|(photo: Siggi Holm)
Laura Bates is a U.K.-based author and the founder of the Everyday Sexism Project, a crowd-sourced collection of stories from women around the world about their experiences with misogyny and sexism. Bates writes regularly for the Guardian, the Independent and Time, among others, and is the author of Everyday Sexism, Girl Up and Misogynation. The Burning (Sourcebooks Fire, April 7, 2020) is her first work of fiction.
The Burning draws a parallel between the contemporary concept of "slut-shaming" and the 17th-century practice of prosecuting and executing young women as witches. How have things changed between the 1600s and now?
One of the things that most shocked me when I began my research was just how little has really changed. If you read the transcripts and records of the 17th-century witch trials that swept through Europe, you see the same obsession with shaming and controlling women, the same fear and stigma around their sexuality, the same tendency to blame victims instead of perpetrators. Girls are still being told their bodies are powerful and dangerous, and it is their job to cover them up and to pay the price for the behavior of their male peers. Boys are still being taught they are not responsible for their own actions. So little has changed.
Anna is 14 when her boyfriend shares a nude photo of her on social media. She, like far too many girls and young women today, is then sent down a nightmarish path of viral social media infamy and local harassment. What do you hope readers will take away from Anna's experience?
For a generation of digital natives, the enormous pressure to send nude pictures and the extreme slut shaming of girls who do is almost mundane. But for the generation of non-digital natives who parent and educate them, the story comes as a shock, with many struggling to believe it can really be happening. I wanted to provide a window into this world for adults who might not be aware of the reality of teenagers' online lives. And for young women, who repeatedly receive the message that this is their own fault, I wanted to show that they have nothing to be ashamed of, and that they can take back control of their own stories.
After she and her mother flee their home in England for a "fresh start" in Scotland, Anna is terrified her new friends and peers will learn her secret. Is there any such thing as a fresh start in the age of social media?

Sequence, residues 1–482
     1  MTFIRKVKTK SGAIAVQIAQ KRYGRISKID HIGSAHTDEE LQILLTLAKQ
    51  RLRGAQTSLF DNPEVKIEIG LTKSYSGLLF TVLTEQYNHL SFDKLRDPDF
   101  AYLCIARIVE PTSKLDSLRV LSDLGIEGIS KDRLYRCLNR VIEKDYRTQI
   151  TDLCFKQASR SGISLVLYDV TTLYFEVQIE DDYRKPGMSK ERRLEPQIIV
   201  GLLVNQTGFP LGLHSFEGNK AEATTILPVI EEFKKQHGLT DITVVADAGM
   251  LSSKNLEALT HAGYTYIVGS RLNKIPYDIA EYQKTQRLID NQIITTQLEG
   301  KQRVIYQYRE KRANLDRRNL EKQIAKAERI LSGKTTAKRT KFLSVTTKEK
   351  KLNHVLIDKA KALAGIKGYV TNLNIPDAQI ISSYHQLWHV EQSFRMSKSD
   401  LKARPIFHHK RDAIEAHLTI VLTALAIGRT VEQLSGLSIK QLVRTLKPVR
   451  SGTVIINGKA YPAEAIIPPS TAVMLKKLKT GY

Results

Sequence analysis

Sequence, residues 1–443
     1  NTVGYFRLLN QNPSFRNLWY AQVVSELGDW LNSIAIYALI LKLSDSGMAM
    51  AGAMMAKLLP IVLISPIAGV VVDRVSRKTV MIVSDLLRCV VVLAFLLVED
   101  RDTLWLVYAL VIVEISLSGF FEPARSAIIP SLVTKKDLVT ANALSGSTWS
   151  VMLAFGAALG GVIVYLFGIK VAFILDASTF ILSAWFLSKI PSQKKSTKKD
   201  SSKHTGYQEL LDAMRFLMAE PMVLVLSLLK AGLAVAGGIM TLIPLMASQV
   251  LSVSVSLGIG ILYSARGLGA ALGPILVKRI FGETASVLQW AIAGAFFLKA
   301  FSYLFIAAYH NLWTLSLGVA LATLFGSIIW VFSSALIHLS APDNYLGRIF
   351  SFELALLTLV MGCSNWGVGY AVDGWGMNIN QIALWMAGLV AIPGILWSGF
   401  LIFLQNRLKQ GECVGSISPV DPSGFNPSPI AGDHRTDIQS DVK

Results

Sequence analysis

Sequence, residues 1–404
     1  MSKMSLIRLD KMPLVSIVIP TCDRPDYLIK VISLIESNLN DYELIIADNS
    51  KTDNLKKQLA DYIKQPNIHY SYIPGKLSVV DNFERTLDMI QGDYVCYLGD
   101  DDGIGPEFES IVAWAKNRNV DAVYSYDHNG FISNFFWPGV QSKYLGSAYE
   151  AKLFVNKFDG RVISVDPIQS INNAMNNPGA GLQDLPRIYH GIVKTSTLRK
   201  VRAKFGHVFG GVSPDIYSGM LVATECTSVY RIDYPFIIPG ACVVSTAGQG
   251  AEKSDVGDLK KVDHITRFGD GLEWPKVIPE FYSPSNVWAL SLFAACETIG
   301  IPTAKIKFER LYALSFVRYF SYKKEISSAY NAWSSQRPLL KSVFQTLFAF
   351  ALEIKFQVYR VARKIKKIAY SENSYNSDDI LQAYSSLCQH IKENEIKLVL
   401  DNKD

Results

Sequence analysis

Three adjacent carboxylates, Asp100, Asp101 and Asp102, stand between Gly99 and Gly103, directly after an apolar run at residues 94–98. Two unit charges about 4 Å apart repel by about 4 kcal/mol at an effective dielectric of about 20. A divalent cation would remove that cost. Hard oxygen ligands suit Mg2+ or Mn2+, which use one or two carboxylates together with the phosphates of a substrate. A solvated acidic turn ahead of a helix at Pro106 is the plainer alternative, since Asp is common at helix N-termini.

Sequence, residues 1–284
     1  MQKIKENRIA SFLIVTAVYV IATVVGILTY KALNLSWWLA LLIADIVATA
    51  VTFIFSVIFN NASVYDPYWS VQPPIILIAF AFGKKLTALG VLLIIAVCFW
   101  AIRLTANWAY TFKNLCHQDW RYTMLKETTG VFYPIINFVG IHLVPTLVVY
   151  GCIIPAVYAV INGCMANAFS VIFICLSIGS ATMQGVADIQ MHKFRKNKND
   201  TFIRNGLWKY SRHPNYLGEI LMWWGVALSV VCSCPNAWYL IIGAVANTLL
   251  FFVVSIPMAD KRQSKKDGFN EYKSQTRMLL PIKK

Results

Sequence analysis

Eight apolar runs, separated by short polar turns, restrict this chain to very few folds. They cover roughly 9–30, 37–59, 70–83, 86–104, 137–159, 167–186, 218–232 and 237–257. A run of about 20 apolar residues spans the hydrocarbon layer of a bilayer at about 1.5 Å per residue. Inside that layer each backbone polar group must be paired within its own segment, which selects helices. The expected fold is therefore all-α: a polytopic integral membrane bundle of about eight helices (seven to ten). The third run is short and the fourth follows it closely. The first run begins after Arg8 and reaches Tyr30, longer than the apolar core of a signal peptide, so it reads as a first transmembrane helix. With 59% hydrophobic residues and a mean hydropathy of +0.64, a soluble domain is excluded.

We are still struggling with the inadequacies of social media platforms when it comes to keeping users safe online. But I feel hopeful that norms can change and protest can make a difference. We are seeing a wave of courageous and powerful young women speaking out about their experiences and refusing to be silenced. My hope in The Burning was to show that you don't necessarily need to erase the past in order to overcome it--that we need to build a more tolerant and fair society that gives survivors a second chance.
Anna has a strange, almost mystical connection with Maggie, the young woman who lived in her village almost 400 years ago. How did you hope Maggie would help Anna get through her traumatic ongoing experience?
One of the very worst parts of being shamed and abused, as both Anna and Maggie discover, is the feeling of being alone. The young women I work with who have experienced revenge pornography or slut shaming are often cruelly isolated and left feeling that nobody is on their side. I hope The Burning offers a message of hope: that female friendship and solidarity is one means of overcoming and resisting the sexist abuse girls face. I wanted to symbolize that by building a sustaining bond between Anna and Maggie, even though their stories unfold four centuries apart.
Why didn't Anna's or Maggie's friends continue to stand by their sides?
One of the cruelest aspects of misogynistic persecution is the intense pressure it places on women and girls to turn on each other in order to survive. Four hundred years ago, this manifested itself as the urge to shout "I saw Goody Johnson with the Devil," because accusing another woman of witchcraft could save you from suspicion. Today, it emerges when girls are driven to join in the slut shaming of their peers in order to protect themselves from similar treatment.
There are two scenes when Anna finally gets the kind of kickass support she needs--once when her mom confronts her school headmaster and again when she and her new friends respond to the social media trolls in a powerful way. Is this kind of response to misogyny and injustice possible in the real world?
I know that it is possible, because the scene with Anna's mother is based on a real-life mom! But I also know that it isn't easy. The very best thing any one of us can do is to confront this in our own sphere. The more we protest and challenge these issues, the less normalized and socially acceptable they become, and that is the only way to create the cultural shift we need to see.
As a feminist, writer and visionary, you have won many awards and countless social media followers. What started you on the trajectory of feminism?
In 2012 I was sitting on a bus when a man next to me put his hand on my leg and suddenly grabbed my crotch. I was on the phone to my mum at the time and, shocked, I stood up, moved away from him, and told her, "I'm on the bus and a man just groped me." Everybody on the bus heard. And everybody looked out the window. Their silence made me feel ashamed, embarrassed and to blame, and I got off the bus and walked the rest of the way home. Looking back, I realized that their responses sent that man a powerful message, too: You can get away with this. Nobody will challenge you. I realized that sexism is so normal we don't even react when it happens right in front of us. I wanted to find a way to make the invisible problem visible, and hopefully to help people understand they had a choice to make--to stand up and say something, or continue looking out of the window. --Emilie Coulter